Thursday, 11 August 2011

UK debt and looting - not unrelated

The recent looting in the UK’s major cities is a result of parts  of UK society (to which I belong) having lost its grip on the real world. Not only the looters, but parts of a society which has a  responsibility to provide leadership, guidance, wisdom, hope and a sense of right and wrong to the young  : parents, teachers, religious leaders,  police, judiciary, sociologists, local authority leaders, politicians, the government,  the media, entertainers, artists, the literati and the intelligentsia. 

 The time honoured rules for a stable, prosperous society have been at least partly abandoned or ridiculed or adherred to only for fear of being caught out: honesty, loyalty, prudence, humility and restraint from extremes of greed or sensuality. It has happened countless times to societies throughout human history, and learning to adhere to them seems to be a painfully slow process, not helped in recent years, I maintain, by a denial of their divine origin.

But some bankers, financial service workers, economists and ordinary citizens have also been looting – plundering the economy in the belief they can get something for nothing.

A recent posting concerned the US debt mountain; but the UK is in even greater debt  which does not seem to have registered with the media, possibly because it is small compared to the USA and the eurozone.  

Although the UK government’s annual deficit is ‘only’ 10% of GDP (gross domestic product, the total money a nation spends on goods and services, serving as a measure of economic activty), compared with the US’s 12%, the British people have amassed a staggering amount of private debt per person by taking on excessively high mortgages from financial institutions which have in turn borrowed the money from foreign institutions.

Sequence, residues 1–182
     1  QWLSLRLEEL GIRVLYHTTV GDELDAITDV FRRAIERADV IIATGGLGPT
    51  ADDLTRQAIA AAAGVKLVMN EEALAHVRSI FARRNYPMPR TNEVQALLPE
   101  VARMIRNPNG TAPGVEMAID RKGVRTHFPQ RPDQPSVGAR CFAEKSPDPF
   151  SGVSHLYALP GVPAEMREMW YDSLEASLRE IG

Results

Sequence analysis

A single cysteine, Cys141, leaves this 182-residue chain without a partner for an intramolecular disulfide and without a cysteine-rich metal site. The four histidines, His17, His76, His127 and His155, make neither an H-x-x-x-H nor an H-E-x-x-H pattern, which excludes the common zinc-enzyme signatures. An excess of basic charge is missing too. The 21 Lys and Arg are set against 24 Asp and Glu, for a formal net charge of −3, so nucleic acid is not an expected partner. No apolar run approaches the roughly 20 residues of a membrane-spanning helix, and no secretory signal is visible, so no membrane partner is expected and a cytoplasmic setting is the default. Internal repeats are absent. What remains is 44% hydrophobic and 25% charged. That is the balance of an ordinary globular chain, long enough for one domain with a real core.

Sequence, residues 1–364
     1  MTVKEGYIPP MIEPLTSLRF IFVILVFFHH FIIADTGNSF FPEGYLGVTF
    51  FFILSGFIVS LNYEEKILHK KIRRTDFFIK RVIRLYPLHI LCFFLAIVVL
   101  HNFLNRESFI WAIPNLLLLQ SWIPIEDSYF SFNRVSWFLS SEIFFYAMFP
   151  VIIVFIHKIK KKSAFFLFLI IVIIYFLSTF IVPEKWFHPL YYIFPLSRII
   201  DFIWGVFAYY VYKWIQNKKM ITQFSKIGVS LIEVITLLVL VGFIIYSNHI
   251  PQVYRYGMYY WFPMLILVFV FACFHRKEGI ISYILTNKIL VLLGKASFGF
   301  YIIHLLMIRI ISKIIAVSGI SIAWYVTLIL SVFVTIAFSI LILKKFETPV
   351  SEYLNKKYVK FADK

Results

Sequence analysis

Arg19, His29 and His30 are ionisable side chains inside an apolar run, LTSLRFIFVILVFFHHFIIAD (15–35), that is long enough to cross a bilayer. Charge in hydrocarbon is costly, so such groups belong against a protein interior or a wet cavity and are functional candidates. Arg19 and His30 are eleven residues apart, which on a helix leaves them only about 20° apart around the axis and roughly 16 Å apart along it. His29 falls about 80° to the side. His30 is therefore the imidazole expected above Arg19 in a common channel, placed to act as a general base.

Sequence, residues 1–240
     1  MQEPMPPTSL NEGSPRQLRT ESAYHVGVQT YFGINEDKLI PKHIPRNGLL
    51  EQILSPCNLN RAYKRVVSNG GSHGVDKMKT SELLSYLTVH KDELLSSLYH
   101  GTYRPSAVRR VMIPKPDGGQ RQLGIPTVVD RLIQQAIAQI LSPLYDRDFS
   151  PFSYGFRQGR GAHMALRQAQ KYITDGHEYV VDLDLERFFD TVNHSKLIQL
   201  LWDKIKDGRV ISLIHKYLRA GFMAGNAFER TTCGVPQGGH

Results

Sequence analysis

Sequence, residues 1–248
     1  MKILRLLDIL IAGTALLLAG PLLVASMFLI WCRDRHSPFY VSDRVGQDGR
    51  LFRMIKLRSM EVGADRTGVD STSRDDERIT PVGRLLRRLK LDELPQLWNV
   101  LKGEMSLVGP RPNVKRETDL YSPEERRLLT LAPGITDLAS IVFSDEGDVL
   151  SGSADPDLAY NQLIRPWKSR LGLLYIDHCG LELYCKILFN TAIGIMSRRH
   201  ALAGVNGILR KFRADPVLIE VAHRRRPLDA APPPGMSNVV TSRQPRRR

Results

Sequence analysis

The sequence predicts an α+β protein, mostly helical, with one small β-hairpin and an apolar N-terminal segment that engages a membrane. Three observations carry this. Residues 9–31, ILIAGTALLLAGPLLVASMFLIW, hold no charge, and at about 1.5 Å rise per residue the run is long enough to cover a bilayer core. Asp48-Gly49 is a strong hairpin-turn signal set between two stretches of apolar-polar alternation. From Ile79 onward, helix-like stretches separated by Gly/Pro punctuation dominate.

Private UK citizens and the UK government together owe $144.3 k per person
to foreign creditors.  UK citizens have been spending money on foreign goods and property with abandon and appear to be living in a fantasy world. Only Ireland has a higher foreign debt per capita: $505 k. 

 The corresponding total debt per person values for other countries are

USA $45.1 k, Germany $57.8 k , China $0.3 k,  Greece $47.6 k  Japan  $19.1 k .
The average for the European Union is $27.9 k.

Greece’s total debt per capita is similar to the USA’s. Its anuual budget deficit (12% of GDP) and  accumulated government deficit (100% of GDP) are also similar.  But Greece is in trouble now because its economy is small, it has a low productivity, its GDP is falling fast, its currency is not a reserve currency (like the dollar)  and it investors fear it will exit the eurozone, voluntarily or otherwise.

The UK is in trouble, and in the long term it could be in worse trouble, because its banks are unable to finance business expansion even with government rescue at tax payers’ expense and because the Bank of England is having to buy bonds with money it does not have (quantitative easing) to keep banks solvent, thereby risking inflation. With UK house owners in debt to banks which are in debt to foreign banks there is a huge burden of debt making it difficult to invest in new technology, new skills and a rejuvenated infrastrucuture.

Other countries are having economic problems, including China, and we are all interconnected, but when you lose contact with the real world it has a habit of catching up with you.

Peace cannot be founded on illusions. So let’s get real.

Feedback welcome.


Author, 2077 AD